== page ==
After a long string of what I personally consider ever-so-desperate moves to stay relevant in this fast-changing world, there is a light beaming at the end of the tunnel. And that light is the Islands of the Month. This new feature promises first-time players 500 credits and repeat players 300 credits to complete a select set of islands. This month, for example, is Arabian Nights and Time Tangled.
Islands of the Month are really a win-win for Poptropica and Poptropicans; it allows the promotion of underappreciated islands while giving Poptropicans the chance to earn additional credits, especially useful for regulars who have already completed all the islands.
Really, my only concern is that this could be temporary. When Poptropica begins to create islands again (Poptropica 2?!?) I worry this feature will be replaced with the new islands, that this is essentially just a way to keep us interested while they get to that next step. (As long as they don’t bring episodes back, am I right?)
I suppose I simply must hope this light at the end of the tunnel is the daylight of tomorrow’s Poptropica and not a train.
Please feel free to comment – even if you don’t agree with me! Trust me, I can take it. Really, I can. Well, maybe . . . now I don’t know. I probably can. We’ll see.
It all started with Nabooti.
As islands were updated one-by-one to meet the new format, Nabooti became the first member-only island.
Now, I have to be honest, when it was just Nabooti, I didn’t mind. Nabooti has never been one of my favorite islands, so not being able to experience it again didn’t bother me. But once Charlie And The Chocolate Factory got involved, well, that’s when I really felt the effects of this new policy.
Since I had already completed the island when it was available to everyone, I figured that the member-only factor didn’t apply to me. But as I tried to “mind the drop,” I learned that “Mr. Willy Wonka’s Amazing Factory Is Only Open To Poptropica Members.” Um…didn’t I save your factory Mr. Willy Wonka?
Final Verdict: There are plenty of Poptropicans who are unable to be members for a multitude of reasons. This wonderfully wacky virtual world should be a one-for-all, not an all-for-one. Poptropica needs to make all islands available to all members, but at the very least, Charlie And The Chocolate Factory!
In honor of the Rio Olympics, I have decided to give my humble opinion on Poptropica’s 27th and 36th island: Poptropolis Games.
First and foremost, I believe that one of the best things about The Games is the ability to choose your tribe. Not only is it fun to be able to represent and take pride in your choice, but teams are also an essential of the actual Olympics. And after you choose, you can join your tribes common room to “Battle, Chat, And Friend Other Members Of Your Tribe,” according to Poptropica.com.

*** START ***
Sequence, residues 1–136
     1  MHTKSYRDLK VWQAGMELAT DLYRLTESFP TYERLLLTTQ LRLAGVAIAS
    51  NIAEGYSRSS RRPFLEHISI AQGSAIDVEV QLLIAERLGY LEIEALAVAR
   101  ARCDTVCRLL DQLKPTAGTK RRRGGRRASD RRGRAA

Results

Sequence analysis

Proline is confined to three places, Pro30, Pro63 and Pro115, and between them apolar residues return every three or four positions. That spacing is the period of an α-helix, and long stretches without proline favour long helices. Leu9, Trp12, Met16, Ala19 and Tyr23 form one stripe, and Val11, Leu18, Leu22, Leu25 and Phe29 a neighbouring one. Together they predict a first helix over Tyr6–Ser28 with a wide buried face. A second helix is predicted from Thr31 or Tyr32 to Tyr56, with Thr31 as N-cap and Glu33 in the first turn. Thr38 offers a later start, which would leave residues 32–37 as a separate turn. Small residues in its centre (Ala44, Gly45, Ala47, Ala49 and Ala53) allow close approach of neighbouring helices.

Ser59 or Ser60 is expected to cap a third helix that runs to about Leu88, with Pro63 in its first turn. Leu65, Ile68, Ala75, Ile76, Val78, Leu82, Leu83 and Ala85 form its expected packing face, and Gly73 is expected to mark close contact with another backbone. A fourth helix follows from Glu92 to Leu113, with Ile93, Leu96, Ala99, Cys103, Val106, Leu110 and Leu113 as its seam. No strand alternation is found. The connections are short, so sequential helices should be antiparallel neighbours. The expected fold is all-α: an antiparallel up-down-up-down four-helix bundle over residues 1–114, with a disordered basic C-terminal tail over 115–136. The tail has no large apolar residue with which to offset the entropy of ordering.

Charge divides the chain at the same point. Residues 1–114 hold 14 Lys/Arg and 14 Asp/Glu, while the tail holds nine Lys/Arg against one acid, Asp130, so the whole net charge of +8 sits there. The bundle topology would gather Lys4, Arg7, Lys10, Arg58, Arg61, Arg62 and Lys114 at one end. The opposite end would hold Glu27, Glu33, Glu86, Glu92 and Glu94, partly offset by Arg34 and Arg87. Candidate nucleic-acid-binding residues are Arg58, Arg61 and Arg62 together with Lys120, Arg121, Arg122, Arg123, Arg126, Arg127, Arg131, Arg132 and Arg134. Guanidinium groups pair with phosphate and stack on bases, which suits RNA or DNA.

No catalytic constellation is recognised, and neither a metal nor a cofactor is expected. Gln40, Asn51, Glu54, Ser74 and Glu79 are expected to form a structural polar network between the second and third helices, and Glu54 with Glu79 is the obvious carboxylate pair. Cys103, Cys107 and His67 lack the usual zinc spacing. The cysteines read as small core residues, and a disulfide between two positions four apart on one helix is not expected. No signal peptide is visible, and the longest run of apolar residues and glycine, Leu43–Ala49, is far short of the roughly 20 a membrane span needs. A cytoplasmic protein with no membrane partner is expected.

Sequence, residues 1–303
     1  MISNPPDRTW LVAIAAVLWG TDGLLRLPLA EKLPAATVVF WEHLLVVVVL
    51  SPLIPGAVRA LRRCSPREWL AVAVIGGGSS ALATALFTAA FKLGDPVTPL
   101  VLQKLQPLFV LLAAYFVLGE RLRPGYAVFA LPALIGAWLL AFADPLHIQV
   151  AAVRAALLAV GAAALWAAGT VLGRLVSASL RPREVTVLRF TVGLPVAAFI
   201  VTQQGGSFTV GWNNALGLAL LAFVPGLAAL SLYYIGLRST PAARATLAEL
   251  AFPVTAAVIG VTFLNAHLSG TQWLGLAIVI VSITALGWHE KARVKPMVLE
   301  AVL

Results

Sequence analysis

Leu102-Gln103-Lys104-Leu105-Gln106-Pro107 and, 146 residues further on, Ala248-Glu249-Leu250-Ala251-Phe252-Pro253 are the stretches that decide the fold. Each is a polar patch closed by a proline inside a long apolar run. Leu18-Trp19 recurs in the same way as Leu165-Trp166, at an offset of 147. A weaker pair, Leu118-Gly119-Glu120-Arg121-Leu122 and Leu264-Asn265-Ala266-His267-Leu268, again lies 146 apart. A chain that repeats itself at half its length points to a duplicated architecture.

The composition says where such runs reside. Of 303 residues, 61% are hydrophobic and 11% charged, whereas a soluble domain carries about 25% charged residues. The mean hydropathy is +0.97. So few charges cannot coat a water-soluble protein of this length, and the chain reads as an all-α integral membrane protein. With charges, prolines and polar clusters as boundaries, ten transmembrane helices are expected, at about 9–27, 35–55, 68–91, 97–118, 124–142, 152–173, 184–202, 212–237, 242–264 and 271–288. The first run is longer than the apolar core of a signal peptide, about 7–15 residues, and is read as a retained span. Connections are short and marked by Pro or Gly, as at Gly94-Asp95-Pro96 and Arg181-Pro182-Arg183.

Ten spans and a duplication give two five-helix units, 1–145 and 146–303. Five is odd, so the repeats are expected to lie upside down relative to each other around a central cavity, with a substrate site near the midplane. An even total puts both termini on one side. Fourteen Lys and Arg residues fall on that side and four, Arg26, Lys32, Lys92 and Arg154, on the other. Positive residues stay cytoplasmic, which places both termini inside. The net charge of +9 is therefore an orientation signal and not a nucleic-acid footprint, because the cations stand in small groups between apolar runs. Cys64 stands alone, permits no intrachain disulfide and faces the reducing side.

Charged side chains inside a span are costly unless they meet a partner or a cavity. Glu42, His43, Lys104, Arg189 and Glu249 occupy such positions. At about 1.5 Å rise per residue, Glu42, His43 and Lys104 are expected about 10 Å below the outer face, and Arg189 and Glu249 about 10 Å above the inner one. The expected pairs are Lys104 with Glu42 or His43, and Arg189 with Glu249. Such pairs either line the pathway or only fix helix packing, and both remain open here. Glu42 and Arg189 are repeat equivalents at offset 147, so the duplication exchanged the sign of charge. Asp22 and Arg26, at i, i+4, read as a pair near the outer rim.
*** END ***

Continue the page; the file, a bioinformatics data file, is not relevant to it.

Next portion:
Another perk of Poptropolis Games Island is the games themselves. Some of them can be really entertaining to play. From long jump to diving, it’s a great opportunity to explore athletic events you may not normally have the chance to participate in.
One of the downfalls to this island, however, is exactly what I just described. You have to compete in all of the events. That makes us Poptropicans better all-around athletes than even Ashton Eaton! It also means that we have to endure and compete in the events that don’t really pique our interest. And that can make it harder to stay focused and win the medallion.
But at the end of the day, if you can use Bolt-like focus, Biles-like confidence, and Phelps-like determination, Poptropolis Games Island is an entertaining adventure to fuel your quest for gold!
To see which tribe I belong to, see my post “Who Is Happy Hippo?”.
What do you think of the Poptropolis Games? Which tribe are you a proud member of? Share in the comments!
As the popularity of Poptropica soars, the popularity of Poptropica blogs seems to be dwindling. Don’t get me wrong, there are still plenty of us Poptropicans detailing our journeys on the world wide web, however, our visitors seem to be becoming fewer and farther between.
One reason that stands out to me is that the Poptropica website currently has a link to their own cheats and walkthroughs. When I first embarked on my Poptropica journey, cheats and walkthroughs were an underground system. Well, “underground system” may be a bit of an overstatement, but they were certainly a lot harder to find -and make- than they are now.
Remember good ol’ Thinknoodles? The absolute go to for walkthroughs way back when? His walkthrough of Escape From Pelican Rock has received 773,540 views as of today. Not a measly amount by any means. However, his video for Zomberry has reached almost 2 million!
Of course, there are varying degrees of difficulty for each island, and Zomberry has certainly been out a lot longer than Escape From Pelican Rock. But my point remains the same: Poptropica blogs are a dwindling legacy of creative, driven, albeit single-minded, Poptropicans whose focus is the ever-changing, ever-growing world of Poptropica.
Agree with me? Think I am totally, 100%, completely wrong? Tell me in the comments! Or don’t. It’s your life, after all.
The word blog comes from web+log.*
*http://www.thesaurus.com/browse/blog <- (Oooh citations. Fancy.)
When I learned that there was a Poptropica app, I was beyond excited. Being able to play Poptropica on a smartphone in today’s technology-centered world? Sign me up!
You can imagine my disappointment when, after downloading the app, I discovered that I would need to create a new character. That means I would have to start from scratch. No costumes, no friends, and no medallions. How about No Thanks!
While I do understand the appeal to new players on-the-go, for veterans looking to switch over, it just doesn’t make the cut. And as a girl looking to someday pass on my account to my own kids (yes, I’m serious,) there was no way I was ready to abandon Happy Hippo.
So what do you think? Should the app allow players to use their veteran Poptropican? Is this just another scheme by the creators to get more money? Or does this Poptropica addition really knock your socks off? Let me know in the comments!